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United States v. O'Malley
Unites States Supreme Court
383 U.S. 627 (1966)
Edward Fabrice created five irrevocable trusts and transferred property into them. Fabrice named himself as one of the trustees for all five trusts. As a trustee, Fabrice had complete discretion whether to distribute the incomes from the trusts to the beneficiaries (Fabrice’s wife and children) or to add the incomes to the trusts’ principals. After Fabrice’s death, the federal government (defendant) determined that the trusts’ original principals and all accumulated incomes were part of Fabrice’s gross estate because Fabrice had retained control over when the beneficiaries could possess and enjoy those properties. Fabrice’s estate (plaintiff) petitioned for a determination that neither the trusts’ original principals nor the accumulated incomes were part of the gross estate. The federal district court ruled that the trusts’ original principals were part of Fabrice’s gross estate but that the accumulated incomes were not. The appellate court affirmed the split ruling. The United States Supreme Court agreed to review the matter.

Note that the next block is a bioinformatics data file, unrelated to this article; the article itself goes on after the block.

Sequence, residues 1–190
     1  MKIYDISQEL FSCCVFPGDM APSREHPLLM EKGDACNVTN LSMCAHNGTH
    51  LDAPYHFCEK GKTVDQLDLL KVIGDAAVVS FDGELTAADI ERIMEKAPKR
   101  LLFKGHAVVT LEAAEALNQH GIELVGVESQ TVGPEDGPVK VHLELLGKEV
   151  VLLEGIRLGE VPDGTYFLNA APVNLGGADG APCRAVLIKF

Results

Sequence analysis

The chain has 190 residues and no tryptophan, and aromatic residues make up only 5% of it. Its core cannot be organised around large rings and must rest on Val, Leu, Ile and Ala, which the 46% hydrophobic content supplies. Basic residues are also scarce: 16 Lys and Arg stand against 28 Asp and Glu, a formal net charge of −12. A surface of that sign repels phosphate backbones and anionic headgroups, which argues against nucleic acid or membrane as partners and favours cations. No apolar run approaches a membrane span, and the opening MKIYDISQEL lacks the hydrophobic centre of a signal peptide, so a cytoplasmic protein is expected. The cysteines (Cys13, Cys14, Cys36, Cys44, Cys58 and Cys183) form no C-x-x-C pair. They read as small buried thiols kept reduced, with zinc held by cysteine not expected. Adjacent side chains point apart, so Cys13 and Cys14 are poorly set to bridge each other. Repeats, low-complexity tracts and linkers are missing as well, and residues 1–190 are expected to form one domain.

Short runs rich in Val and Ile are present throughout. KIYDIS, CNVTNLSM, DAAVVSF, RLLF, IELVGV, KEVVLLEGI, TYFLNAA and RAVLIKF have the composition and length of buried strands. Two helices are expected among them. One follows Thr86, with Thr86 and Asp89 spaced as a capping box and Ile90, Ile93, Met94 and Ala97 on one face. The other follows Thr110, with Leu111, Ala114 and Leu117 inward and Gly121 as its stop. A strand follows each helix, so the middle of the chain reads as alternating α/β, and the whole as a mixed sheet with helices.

Rule of Law
Holding and Reasoning (White, J.)
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